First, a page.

“Hello. Is this is the ER check-in desk?”
The attendant looks up; I expect her to say something like “No, this is the Clown and Circus Motorcycle Club. You want down the hall and to the left, pass the screaming banshee who met with an unfortunate accident, but before the cafeteria and gift shop.”
I get a nod instead. I take a breath and plunge into the story, perhaps for the fifth time that day.
Minutes later we’re back in an examination room. My plastic chair is wobbly; I can’t place my full weight against the back. I spot some red drops of what looks suspiciously like blood on the floor near the back of the patient’s bed.
Doctor comes in: chat, chat, chat. IV? Why yes, please; we’ve experienced scenes from Saving Private Ryan today, glad you asked. Please make this pain go away; the other stuff isn’t working, as we’ve told you and the others before this lovely almost midnight trip.
Poke. Drip, drip, drip…Off the patient goes, their pain slowly fading while the cocktail of drugs disappears into his bloodstream. A nurse rolls her computer cart in, asks a few more questions, says some “sign here’s” and rolls away. I play with my phone and turn the screen on and off. Chattering of young doctors and nurses; benign questions about personal lives. When did nurses and doctors all become so young? Why are there so many scuff marks on the door; I imagine how many beds they’ve taken in and out of the room over the years and scraped against Examination Room Number Five. How does anyone do this job?
I sit stiffly in my chair and then lean back to rest my tightened muscles. I hear an unmistakable crack and I give a slightly hysterical laugh inside. I’ve broken the already half broken chair. Would this be charged to the bill? Why does the hospital have a broken chair to begin with? Should I be suspicious?
The nurse comes back in with more ice as I bumbling explain about the chair. More time passes. I stare at the red drops on the floor some more, wondering how they came to land there. Who was in pain before us? Did they die? Maybe it’s wax crayon or iodine or something else. Do hospitals use iodine? Yes, someone was coloring. Or painting. Doesn’t blood always need to be cleaned up and sanitized?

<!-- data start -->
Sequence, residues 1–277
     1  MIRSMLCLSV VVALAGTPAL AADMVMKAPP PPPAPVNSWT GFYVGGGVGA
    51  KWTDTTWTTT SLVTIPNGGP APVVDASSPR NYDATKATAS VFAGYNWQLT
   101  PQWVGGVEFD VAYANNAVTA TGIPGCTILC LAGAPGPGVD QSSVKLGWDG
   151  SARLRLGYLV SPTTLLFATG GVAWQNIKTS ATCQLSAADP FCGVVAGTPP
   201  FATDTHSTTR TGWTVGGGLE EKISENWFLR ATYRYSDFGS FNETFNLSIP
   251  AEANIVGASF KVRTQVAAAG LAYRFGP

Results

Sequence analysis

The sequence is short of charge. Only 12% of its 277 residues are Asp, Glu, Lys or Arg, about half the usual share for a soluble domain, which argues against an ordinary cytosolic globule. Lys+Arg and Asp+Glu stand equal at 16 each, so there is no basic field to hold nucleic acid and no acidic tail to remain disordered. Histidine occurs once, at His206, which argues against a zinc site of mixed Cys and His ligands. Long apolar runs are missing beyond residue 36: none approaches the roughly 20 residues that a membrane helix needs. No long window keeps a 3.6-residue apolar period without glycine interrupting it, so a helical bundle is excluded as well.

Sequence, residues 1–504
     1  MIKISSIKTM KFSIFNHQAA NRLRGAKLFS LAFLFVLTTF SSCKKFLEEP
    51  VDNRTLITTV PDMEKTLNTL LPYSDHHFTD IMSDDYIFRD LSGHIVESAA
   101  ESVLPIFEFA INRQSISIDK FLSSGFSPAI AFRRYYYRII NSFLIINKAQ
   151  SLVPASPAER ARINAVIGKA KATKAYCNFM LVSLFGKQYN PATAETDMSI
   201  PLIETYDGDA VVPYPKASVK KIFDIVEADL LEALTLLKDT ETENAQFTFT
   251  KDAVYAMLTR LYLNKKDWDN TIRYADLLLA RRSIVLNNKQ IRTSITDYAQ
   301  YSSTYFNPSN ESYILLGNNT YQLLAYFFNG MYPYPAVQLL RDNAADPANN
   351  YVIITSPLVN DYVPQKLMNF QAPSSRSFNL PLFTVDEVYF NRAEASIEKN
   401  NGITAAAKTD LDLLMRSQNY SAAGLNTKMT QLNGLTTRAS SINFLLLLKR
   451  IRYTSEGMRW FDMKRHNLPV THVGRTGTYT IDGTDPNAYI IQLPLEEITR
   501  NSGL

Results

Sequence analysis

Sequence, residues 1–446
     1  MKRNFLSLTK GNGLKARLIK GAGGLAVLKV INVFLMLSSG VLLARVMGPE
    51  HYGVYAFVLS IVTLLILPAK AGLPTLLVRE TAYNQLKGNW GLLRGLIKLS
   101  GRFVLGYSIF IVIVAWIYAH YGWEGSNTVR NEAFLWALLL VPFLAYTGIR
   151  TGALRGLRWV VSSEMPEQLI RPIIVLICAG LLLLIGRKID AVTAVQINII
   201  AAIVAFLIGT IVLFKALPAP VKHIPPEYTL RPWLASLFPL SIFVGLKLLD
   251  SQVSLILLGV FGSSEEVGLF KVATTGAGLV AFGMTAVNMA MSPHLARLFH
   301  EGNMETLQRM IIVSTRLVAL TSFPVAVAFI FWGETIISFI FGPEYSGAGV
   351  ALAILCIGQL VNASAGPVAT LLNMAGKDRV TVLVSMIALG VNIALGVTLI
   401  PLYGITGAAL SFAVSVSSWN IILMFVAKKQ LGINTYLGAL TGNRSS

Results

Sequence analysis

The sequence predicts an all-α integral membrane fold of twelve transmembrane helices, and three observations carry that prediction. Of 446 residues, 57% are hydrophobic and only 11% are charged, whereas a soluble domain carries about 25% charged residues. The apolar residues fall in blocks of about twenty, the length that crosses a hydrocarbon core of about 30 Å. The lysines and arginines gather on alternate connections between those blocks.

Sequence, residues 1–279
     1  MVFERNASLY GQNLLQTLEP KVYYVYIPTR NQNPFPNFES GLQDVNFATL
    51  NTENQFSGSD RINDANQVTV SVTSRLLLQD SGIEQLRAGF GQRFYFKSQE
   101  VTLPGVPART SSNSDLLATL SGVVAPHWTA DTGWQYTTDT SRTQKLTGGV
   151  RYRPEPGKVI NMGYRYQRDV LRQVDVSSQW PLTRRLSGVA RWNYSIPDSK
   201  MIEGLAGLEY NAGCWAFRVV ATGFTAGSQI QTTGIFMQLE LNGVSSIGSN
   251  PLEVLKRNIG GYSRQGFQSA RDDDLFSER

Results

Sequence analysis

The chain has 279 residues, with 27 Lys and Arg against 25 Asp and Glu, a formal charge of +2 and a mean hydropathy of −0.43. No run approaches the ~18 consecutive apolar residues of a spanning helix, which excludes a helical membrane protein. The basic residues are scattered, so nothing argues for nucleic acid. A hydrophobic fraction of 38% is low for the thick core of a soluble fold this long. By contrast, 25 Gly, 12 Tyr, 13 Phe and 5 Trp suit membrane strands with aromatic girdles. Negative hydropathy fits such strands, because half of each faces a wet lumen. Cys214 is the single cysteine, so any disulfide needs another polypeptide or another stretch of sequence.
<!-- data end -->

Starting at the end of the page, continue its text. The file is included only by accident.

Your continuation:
I wonder what others do in developing countries about pain. Maybe there aren’t hospitals they can drive to; maybe there’s not even pharmaceutical drugs there, or even doctors. What happens then? Is this why we have drug cartels pop up in poor countries? My thoughts become more ragged; I want to doze off.
Beep, beep, BEEP. The IV is done. I wait through five minutes of perfectly timed beeps until the nurse scuttles back in. The patient is unattached, we’re given a prescription. The moon is very bright; we give a quick prayer of thanks. We wonder what ERs are like in LA and Chicago. Probably not like this.
Then we’re inside a brightly flourescent lit drug store, open 24/7, with a pharmacist who’s a bit harried. We wander the aisles a little, perusing the Christmas items waiting, perched on top of the Halloween decorations for sale. The patient becomes a bit dizzy and we sit, sipping on some cold bottled water. The pharmacist makes small talk with me as I check out; I have to have her repeat what she said, just like the nurse and doctors at the ER. My brain cannot consider or hold more than one thought for long.
At home, sleep: the black velvet is bliss. The patient is free of pain finally, or at least pain free enough to sleep through the night. The tidy bottles of medicine lay out of reach, with a paper log sitting next to them with an ordinary pen. Something we both insist on when we’re on serious medications.
I send out a thanks for modern medicine, a thanks for endurance and strength. This is what marriage is: selfless love. I wish more people understood selfless love, and received it. Then perhaps our collective human pain would be more tolerable, the world over. And we could remove man made sufferings.
I drift off, thinking of Syria and praying there would be doctors there with medicines.